The most important theme of the papacy of John Paul II is “the primacy of spirit,” combined with a strong earthy sense of this world, its limits and its needs. It is a theme beloved of Jacques Maritain, and therefore of this journal, whose first home was in the Maritain Center at Notre Dame. Well, what is at stake for the human spirit in the West today? What is the meaning of the West for the human spirit? Has it not opened up “natural liberty,” that is, the liberty of all humans everywhere? Its vision of “ordered liberty” is certainly not a parochial liberty.
The present crisis is visible in popular culture and the media, in the ideas regnant among the world’s intellectual classes, and in forms and systems of political economy around the planet. It has become a cliché to say that the world (excluding, of course, its walled-off Communist part) is one and interdependent. It is less noted that economic dynamism made it so. Interdependence has been achieved economically, long before it has been achieved politically or culturally. Our self-knowledge is very weak, indeed.
Again, the Ayatollah calls America “Satan,” and the Sandinistas call America “the enemy of mankind.” Certain illiberal Catholic moralists hold that a “capitalist culture” is inimical to the Gospels (oblivious to the fact that, without the yeast of the biblical vision, modern capitalism could not two hundred years ago have made its first appearance in history in Christian lands). Many leftists have scorn for the liberal tradition, just as many aristocratic traditionalists attack it from the right.
What is the meaning of the American experiment — this novus ordo seclorum — for the rest of the world, including the Catholic Church? Is American social thought — in The Federalist, in Tocqueville, in Lincoln and in others — less highly developed than Catholic social thought? Is it inferior? In breadth, depth, and workability, the best of it may well be blazing a new trail for Catholic social thought. American social thought does not take the form of a creed; it is pluralistic. But it has had no peers (Tocqueville observed in 1836) either in its practical wisdom or in its grasp of the general principles of the “new science of politics”: principles, e.g., about human nature, human rights, human frailty and sin, the public good, and a diagnosis both of the diseases associated with democracies and the remedies thereto.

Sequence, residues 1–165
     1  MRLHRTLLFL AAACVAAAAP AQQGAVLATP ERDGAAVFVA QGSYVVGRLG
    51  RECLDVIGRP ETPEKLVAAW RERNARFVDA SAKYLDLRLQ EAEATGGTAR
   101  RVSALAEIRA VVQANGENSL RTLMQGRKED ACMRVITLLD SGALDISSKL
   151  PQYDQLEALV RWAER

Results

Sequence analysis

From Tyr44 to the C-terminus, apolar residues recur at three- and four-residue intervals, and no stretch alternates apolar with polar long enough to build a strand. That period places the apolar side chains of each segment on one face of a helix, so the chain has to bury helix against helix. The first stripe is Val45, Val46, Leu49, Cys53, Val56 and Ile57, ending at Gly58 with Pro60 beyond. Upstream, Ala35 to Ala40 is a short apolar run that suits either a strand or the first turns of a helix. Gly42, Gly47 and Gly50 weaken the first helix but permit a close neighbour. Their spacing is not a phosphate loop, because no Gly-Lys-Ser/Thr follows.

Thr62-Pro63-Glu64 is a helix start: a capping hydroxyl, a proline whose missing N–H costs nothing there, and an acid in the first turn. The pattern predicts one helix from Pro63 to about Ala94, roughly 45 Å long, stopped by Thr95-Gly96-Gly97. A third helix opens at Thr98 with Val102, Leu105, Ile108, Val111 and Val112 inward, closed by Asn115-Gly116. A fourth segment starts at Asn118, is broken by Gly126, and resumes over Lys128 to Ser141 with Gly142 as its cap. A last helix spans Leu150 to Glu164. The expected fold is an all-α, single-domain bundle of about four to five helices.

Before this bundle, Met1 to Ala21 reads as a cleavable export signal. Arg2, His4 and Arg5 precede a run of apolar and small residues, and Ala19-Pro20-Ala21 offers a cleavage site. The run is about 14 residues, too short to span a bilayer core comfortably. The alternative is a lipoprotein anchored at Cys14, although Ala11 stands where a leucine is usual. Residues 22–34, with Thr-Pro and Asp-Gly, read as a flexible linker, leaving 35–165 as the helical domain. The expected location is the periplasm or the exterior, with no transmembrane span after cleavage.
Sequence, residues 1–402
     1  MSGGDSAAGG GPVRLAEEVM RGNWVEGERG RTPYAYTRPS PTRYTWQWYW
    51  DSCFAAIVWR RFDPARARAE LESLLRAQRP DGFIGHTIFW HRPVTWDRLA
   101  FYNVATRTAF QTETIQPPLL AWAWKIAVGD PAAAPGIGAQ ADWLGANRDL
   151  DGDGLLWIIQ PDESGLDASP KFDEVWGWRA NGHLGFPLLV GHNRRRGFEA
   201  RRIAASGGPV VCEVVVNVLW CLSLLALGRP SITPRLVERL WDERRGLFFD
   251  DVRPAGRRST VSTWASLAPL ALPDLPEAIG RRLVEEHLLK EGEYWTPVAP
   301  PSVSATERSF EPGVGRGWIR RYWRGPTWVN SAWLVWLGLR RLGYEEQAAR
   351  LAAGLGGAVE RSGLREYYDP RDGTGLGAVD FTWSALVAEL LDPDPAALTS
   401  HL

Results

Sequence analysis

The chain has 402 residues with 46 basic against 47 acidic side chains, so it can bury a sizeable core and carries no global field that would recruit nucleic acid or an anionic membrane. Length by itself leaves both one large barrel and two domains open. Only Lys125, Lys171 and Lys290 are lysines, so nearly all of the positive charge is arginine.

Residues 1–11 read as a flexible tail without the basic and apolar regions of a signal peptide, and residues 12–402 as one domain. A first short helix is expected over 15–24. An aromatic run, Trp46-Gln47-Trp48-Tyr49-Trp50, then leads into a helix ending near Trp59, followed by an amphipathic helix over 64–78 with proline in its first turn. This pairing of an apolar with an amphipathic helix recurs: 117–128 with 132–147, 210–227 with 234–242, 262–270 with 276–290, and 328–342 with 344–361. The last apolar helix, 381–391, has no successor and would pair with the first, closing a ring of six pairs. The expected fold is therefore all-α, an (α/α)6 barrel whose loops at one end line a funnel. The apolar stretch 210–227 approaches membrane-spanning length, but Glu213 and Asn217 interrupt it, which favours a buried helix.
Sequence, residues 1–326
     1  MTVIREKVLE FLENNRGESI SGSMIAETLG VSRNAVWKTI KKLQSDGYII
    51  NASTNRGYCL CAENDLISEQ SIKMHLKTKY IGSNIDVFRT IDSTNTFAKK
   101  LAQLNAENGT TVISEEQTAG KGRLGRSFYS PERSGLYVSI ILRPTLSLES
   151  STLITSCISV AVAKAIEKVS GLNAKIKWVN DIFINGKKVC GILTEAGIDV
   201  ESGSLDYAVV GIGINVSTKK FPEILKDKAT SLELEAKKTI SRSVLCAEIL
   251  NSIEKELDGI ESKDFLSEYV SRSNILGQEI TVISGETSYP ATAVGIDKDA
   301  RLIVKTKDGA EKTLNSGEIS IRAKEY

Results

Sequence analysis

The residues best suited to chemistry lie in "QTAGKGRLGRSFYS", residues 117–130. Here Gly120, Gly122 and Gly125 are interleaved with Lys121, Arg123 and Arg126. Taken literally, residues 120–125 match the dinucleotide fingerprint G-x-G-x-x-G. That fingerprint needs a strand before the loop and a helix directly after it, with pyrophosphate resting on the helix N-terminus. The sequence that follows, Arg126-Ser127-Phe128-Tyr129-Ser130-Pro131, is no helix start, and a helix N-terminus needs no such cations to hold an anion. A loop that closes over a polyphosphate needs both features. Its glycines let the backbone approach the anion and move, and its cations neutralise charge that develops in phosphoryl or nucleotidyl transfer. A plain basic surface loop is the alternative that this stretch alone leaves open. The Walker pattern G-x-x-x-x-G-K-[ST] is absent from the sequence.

We have been called a “neo-conservative” journal, the first and only neo-conservative Catholic publication in the country. The name does not entirely please us, but it does distinguish us from all others, far right and far left alike. We intend to keep stretching the center, expanding its circle. (If Lord Acton properly called Thomas Aquinas “the first Whig,” for holding that civilization is constituted by mutually respectful argument among creatures of reflection and choice, and that government accordingly must be based upon the consent of the governed, the tradition in which we work has a noble lineage and a more ancient name.)
For the first five years, we have given much space to specifically Catholic matters. We will continue to do so. But as the change in our name signaled many months ago, you can count on our expanding our secular coverage during the next five years. The crisis is everywhere around us. It is, succinctly put, a disease in the immune system of the soul (of which AIDS is only a corporeal symbol). We intend not only to devote more pages to the lay world of work and culture that is the proper focus of lay activities, but also to do more reporting on actual people and events. The prejudices and foibles of the Catholic left have had a free ride in most of the Catholic press. Simply to report on many of them is to puncture them. To bring such views to light is to oblige their bearers to offer for them a reasoned defense — an exercise to which many, lacking competition, have become unaccustomed.
To Ralph Mclnerny, who has served as publisher for its first five years, Crisis owes an enormous debt. Without Ralph Mclnerny, there would have been no Crisis. Ralph will continue his service to the journal, but without bearing alone so much of the burden. And Terry Hall, thank God, will continue the hard work of getting Crisis out, with the good help of the very small staff in South Bend. We are seeking a new editor for the front of the book, who will help the publisher in Washington. We will need many prayers and much assistance to expand the magazine and its role in the future. In that, we are in the hands of our readers. Theirs have in the past been very good hands, indeed, and have offered indispensable support, for which we shall be eternally thankful.
The agenda of Crisis is, in sum, a large one. It is both deep and broad. With the generous support of our many writers, readers and friends, we hope this humble journal may not only last another five years but prosper, and (God willing) move from strength to strength.